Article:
‘Be nimble’: What Kia, Marriott and others have learned from using chatbots for customer service
Brands of all stripes have tried to capitalize on the rise of chatbots, coming up with everything from beauty advice and cocktail recipe bots to financial assistant bots. But given the sheer volume of inquiries brands get on their social channels, these automated interfaces have perhaps been most useful for brands’ customer service initiatives.
“Brands can use deep learning algorithms on top of their customer service logs through these chatbots to provide personalized responses in real-time,” said Mikhail Naumov, president and co-founder at DigitalGenius. “Chatbots are very useful for customer service when done right.”
We asked four brands to share their biggest takeaways from using chatbots for customer service.
Kia launched NiroBot in November 2016, tied to the introduction of its hybrid utility car, the 2017 Niro. The bot made its debut on Facebook Messenger, delivering instant access to a wide range of product information about the new car, from interactive product modules to step-by-step tutorials. But more importantly, it let consumers schedule test drives in advance and also gave them easy access to a live Kia representative at any time during engagement. Within two months, Kia saw half a million engagements through the bot, so much so, that it also debuted its Super Bowl spot this year on the NiroBot.
“The key to success is for the bot to recognize when the customer does need a human touch, and to connect that customer with the right person in a seamless manner,” said David Schoonover, head of digital, social and CRM at Kia Motors America. “It benefits both the call center and the customer — it allows the call center to focus resources on customers that may need additional assistance, and allows the customers to get fast and easy answers, complete with visual guidance and links if necessary.”
Marriott has had previous iterations of chatbots, but it launched its Marriott Rewards chatbot geared for customer service on Facebook Messenger in late September 2016. During the first couple of months, the aim was to make it easier for customers to link their Marriott and Starwood rewards accounts, after the two companies had merged. But with substantial month-over-month growth in the number of users, the hotel chain is all set to introduce new functionalities next month, including a hotel search feature that will direct users to its website to make instant bookings and a subscription-based-integration with Traveller, its own in-house digital magazine.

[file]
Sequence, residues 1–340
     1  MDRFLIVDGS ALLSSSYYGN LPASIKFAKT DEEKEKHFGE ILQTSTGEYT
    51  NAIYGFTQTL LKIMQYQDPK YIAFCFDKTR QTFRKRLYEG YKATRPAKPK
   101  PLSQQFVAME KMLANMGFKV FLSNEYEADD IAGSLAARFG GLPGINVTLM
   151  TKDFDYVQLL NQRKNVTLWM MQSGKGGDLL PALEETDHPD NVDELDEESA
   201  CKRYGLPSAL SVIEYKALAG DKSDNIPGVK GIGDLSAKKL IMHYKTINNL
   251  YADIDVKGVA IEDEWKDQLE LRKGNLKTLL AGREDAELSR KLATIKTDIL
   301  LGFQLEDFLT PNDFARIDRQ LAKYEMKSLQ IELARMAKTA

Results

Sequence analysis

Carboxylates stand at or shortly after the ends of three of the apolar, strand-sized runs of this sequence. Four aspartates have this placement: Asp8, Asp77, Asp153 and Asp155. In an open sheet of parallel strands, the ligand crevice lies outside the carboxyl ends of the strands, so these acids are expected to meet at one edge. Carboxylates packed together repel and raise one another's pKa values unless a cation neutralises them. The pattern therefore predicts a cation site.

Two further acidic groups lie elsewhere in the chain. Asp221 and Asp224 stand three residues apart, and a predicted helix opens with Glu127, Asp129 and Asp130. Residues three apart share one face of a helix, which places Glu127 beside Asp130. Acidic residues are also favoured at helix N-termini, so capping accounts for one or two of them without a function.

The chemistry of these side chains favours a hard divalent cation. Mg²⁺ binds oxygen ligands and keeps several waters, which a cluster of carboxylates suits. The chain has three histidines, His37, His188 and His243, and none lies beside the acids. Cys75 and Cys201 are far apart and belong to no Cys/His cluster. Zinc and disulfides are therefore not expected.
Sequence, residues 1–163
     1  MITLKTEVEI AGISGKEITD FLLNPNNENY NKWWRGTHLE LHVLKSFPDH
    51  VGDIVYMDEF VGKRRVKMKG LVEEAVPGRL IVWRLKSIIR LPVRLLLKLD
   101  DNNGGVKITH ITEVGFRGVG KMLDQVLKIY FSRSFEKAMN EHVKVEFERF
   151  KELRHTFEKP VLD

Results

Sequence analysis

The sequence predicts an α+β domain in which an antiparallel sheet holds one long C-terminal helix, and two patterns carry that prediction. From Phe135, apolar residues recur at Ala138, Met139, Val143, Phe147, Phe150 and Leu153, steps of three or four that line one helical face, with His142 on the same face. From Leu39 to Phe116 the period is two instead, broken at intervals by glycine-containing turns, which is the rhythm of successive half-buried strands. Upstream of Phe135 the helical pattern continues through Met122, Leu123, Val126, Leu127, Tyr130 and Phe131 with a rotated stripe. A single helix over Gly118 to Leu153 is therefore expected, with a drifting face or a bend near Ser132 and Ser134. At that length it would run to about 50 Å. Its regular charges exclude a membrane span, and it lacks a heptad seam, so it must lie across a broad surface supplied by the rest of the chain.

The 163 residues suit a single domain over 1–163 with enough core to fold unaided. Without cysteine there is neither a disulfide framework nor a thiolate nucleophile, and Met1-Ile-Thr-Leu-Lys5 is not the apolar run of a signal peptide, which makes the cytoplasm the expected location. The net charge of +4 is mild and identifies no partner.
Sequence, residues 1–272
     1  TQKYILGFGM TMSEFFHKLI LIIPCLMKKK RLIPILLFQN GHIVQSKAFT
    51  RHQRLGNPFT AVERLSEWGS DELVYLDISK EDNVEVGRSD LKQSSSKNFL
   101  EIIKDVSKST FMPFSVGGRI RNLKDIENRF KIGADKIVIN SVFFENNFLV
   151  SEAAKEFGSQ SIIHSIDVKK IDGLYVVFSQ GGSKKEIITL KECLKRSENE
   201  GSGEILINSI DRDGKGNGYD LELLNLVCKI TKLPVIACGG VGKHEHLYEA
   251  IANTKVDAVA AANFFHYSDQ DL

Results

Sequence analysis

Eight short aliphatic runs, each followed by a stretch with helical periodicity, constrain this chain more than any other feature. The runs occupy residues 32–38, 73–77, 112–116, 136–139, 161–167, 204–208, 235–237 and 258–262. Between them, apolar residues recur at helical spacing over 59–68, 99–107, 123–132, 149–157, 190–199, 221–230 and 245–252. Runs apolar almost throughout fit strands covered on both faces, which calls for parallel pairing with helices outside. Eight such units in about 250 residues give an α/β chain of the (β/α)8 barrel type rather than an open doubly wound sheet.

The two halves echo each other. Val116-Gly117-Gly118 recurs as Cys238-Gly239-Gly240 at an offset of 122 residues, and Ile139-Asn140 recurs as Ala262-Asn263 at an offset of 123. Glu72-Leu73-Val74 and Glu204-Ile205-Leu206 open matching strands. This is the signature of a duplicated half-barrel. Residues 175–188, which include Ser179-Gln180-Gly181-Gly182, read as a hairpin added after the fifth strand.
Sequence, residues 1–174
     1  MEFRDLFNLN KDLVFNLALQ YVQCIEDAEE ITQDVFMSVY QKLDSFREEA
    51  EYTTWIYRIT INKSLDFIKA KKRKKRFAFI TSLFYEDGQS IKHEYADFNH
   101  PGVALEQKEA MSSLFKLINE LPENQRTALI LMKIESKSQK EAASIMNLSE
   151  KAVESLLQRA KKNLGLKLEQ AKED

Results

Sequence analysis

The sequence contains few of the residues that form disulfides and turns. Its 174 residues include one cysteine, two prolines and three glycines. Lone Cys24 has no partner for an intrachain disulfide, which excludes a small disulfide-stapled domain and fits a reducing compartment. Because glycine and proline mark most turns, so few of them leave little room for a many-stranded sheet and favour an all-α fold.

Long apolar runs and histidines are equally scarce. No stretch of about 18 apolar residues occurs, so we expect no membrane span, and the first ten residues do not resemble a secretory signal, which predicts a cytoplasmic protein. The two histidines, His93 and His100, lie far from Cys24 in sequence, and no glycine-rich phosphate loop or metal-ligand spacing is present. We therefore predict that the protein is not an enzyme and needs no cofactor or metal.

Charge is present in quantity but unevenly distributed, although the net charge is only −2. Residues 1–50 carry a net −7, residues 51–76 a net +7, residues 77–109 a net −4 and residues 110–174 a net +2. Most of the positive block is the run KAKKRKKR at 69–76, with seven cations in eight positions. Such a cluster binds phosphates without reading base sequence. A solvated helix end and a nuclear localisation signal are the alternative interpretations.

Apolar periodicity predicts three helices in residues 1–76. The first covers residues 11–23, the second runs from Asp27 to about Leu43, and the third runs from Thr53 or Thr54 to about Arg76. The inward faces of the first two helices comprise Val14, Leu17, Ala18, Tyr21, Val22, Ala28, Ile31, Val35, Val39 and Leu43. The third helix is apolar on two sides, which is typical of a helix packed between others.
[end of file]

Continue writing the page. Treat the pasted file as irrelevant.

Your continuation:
The biggest takeaway for the brand, according to Amanda Moore, senior director of social and digital marketing at Marriott, was the importance of setting consumer expectations and clearly defining the chatbot’s role. “Our consumers knew what they were coming to us for,” she said. But that doesn’t mean that those expectations are unchanging — the brand knew what its consumers were asking for and is iterating to give them exactly that.
“You have to listen to the feedback and take action,” she said. “The feedback is immediate and you need to be nimble in implementing changes and continuously improving.”
KLM introduced a Facebook chatbot in March 2016, giving consumers automated updates around checking in and flight delays as well as access to their boarding passes. But the sheer volume of customer service inquiries it receives on its social platforms pushed it to try to find new ways to marry machines with human intelligence in tackling such questions. KLM’s 200-plus customer service agents began using machine learning tech from DigitalGenuis in September 2016, which peruses over historical data before coming up with automated responses. The agents can then edit these automated responses, just to add that personal touch when required.
For KLM, such AI has helped tackle the deluge of queries. But it has realized that brands must not come off as mere service providers, it’s important to maintain a human touch too. “Robotics has a cold feel to it, people think it’s about efficiency, automation and having less people. But we don’t see it as a substitute for human interaction, just a way to improve it,” Tjalling Smit, the airline’s senior vice president of digital, told Digiday. “People want a personalized answer, for example dealing with compliments is hard for an AI system.”
Expedia was also one of the early entrants, launching its own Messenger chatbot last spring in an effort to be a part of the travel decision-making process early on. The Expedia bot is basically a hotel search tool that takes in a location and date and finds users five different options, prompting them to visit the Expedia site to actually make the booking. People, however, have come to expect the resolution of customer service inquiries on bots like these, so the brand has plans to bring in such functionalities down the line.
“Through test and learn, we will understand how travelers are engaging with our chatbots and start layering on additional functionality to meet their needs,” Scott Crawford, Expedia’s vp of product management, told Digiday. “Clearly defining what role the chatbot will have in the booking process is key to retaining the user’s attention.”
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